Writing Poetry with Youth

Writing Poetry with Youth
Writing Poetry with Youth

Anything goes into poetry. There are rules, but you don't need to know them; even if you know them, you can break them.

Poet Janet Wong, 2002

Why write poetry with youth? In many congregations, poetry is incorporated into services and ceremonies. When youth write poetry as part of a lifespan faith program, they demystify, understand, and own this important medium of congregational life. Poetry can be a wonderful means of self-expression. By trying poetry writing within the safe confines of a religious program, youth may find an avenue of self-expression. Writing poetry can be fun!

There are many ways to write poetry. In the Families program, poetry writing is one activity amidst many. The background information and tips below are therefore catered to "short-term" work with poetry. Make poetry writing accessible, fun, and spontaneous. Before working with participants, you may wish to review some background about poetry. Sections on types of poems and their building blocks are offered for review. Some poetry-writing tips follow those sections.

Youth react in a variety of ways to the prospect of writing poetry. The tips offered below aim to meet that variety. In Handout 10, Writing Poetry: Some Methods, we provide "recipes" to enable the reluctant poet and some guidelines to further support the inspired poet. Facilitators of this section may wish to pick and choose which tips or recipes they provide for the group. To that end, the recipes for several types of poems are offered on separate pages so they can be copied individually.

Types of Poems

There are many different types of poetry, and each varies in purpose. Five types are outlined below:

  • Lyric poetry expresses imagination and emotion; it is the "stuff" of much contemporary poetry.
  • Narrative poetry tells a story, with a scene, character(s), and sequence of events.
  • Prose poetry gives a snapshot of an idea or image.
  • Found poetry is everyday text reparsed into poetry.
  • Dramatic poetry is written for performance, often in multiple voices.

Building Blocks of Poems

There are five aspects to most poetry: focus, words, poetic language, rhythm, and form. Each is described below. For some writers, the shift from standard writing to poetry writing is made possible by thinking about these five building blocks.

  • Focus. Most poems have a central image, emotion, irony, understanding, or focus. Coming up with a focus can happen through writing a bunch of words or trying to imagine a scene.
  • Words. Choosing words and arranging words is at the heart of much poetry writing. When thinking about word choice, remember that no two words are exactly the same. A huge ice cream cone is bigger than a large one; a disheveled office may seem more interesting than a sloppy one. Different words have different connotations: sacred is different from special.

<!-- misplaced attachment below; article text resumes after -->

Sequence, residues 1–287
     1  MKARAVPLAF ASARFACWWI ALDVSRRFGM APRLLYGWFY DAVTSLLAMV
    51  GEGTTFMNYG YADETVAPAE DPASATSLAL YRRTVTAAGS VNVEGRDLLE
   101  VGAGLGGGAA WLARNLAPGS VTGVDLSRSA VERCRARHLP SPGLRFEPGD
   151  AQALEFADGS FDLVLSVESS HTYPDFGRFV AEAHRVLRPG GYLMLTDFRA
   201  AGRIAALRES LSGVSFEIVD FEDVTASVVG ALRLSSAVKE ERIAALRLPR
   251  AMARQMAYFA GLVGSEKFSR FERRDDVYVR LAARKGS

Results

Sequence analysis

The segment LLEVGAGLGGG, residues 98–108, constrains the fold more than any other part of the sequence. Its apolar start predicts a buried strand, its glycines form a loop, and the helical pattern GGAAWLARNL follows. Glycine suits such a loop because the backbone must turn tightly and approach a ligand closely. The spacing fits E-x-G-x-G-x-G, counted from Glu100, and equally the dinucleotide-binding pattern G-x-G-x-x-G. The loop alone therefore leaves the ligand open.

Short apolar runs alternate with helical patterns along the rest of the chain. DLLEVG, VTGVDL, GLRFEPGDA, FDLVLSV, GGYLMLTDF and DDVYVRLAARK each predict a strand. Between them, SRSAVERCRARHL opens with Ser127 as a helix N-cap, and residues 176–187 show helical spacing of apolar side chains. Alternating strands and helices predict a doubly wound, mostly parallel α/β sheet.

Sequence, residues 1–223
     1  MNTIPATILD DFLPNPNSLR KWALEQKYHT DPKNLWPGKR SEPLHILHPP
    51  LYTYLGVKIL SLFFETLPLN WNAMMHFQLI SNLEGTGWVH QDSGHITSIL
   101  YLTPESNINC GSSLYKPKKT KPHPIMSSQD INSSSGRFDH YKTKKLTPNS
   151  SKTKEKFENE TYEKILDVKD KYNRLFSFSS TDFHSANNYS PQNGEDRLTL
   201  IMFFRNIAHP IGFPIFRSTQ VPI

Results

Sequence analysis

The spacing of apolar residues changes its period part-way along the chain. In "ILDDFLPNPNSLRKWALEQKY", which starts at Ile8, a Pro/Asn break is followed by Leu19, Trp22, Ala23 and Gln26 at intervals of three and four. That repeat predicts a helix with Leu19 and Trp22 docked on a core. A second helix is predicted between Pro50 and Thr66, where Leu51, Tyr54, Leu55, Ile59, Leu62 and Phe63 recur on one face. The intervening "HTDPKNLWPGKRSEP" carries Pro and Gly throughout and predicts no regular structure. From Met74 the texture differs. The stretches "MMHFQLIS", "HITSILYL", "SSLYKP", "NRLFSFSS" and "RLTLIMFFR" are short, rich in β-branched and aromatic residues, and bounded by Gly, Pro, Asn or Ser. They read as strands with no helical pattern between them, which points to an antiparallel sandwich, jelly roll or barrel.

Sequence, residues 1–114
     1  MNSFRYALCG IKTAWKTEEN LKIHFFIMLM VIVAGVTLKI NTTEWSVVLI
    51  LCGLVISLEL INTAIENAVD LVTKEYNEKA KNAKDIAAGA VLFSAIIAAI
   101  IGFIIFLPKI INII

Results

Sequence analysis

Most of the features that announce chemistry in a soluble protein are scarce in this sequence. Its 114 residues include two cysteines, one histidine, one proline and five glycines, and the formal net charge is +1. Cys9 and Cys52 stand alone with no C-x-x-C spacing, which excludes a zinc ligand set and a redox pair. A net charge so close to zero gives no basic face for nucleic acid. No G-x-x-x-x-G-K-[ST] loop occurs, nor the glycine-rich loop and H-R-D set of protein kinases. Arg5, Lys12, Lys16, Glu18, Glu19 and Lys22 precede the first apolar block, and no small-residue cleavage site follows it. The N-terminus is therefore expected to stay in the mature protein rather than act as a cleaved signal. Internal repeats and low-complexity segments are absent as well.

• Poetic language. There are three familiar features of poetic language: sensory images, sound devices, and comparisons.
    • Sensory images. Many poets use the senses of sound, sight, smell, touch, and taste in creating poems.
    • Sound devices. Repeated sounds, or alliteration, are often used in children's poetry (e.g., mini muffin, Mickey Mouse). The repetition of vowel sounds, called assonance, is also used: How now brown cow? In addition, poets sometimes repeat a phrase to create a refrain.
    • Comparisons. Linking two things together, poets can create new visual images. When a comparison uses the word like, as, or seems, it is a simile (e.g., quiet as a mouse).
  • Rhythm. The patterns and beat created by words, punctuation, and spacing create the rhythm of poetry. Young children's nursery rhymes are created with repeated parallel rhythms. Sometimes rhythm is created through pause or through the repetition. There are no rules for creating rhythm in the freewriting of poetry; it is simply another aspect of poetry to keep in mind.
  • Form. There are many different forms of poems. The form of a poem influences the content and vice versa. Formula poems can be helpful in creating a "safe" avenue of entering into poetry writing. Free-writing can be more creative.

Poetry Writing Tips: Engaging Youth

In an article by David Fischer, "On the Road to Poetry" (Scholastic Scope, April 2002), the author quotes poet Janet Wong as saying, "Poetry is perfect for me because I'm busy. Writing a poem can be fast work. I usually try to write a first draft in five minutes. I take five minutes for a second draft and five minutes for a third and I've got something good."

Few of us might think of poetry as quick and freeing, but perhaps it's a good starting point for youth.

  • To help youth get started writing poems, first choose an approach. Will you encourage one type of poem? Will you advocate for youth to focus on one topic for their poems? Decide any parameters and priorities, and copy the materials from Handout 10, Writing Poetry: Some Methods, accordingly.
  • Do you need inspiration to start youth's poetry writing? Think about the session plan and use these tips from Linda Batt (Writer, August 2002, p. 20). As sources of inspiration she lists:
    • Conversations—real or imagined
    • Questions
    • Lessons—a poem can describe "how to"
    • A riddle
    • A memory
    • Contrasting stanzas, each from a different point of view (e.g., heavy metal from the mom's point of view and then from the fifteen-year-old son's point of view)
    • Humor
    • A photograph—describe through poetry a photograph, real or imagined
    • Ordinary details of life

Remember that, in this session, the process of writing poetry is more important than the product. Have fun!

For more information contact religiouseducation@uua.org.

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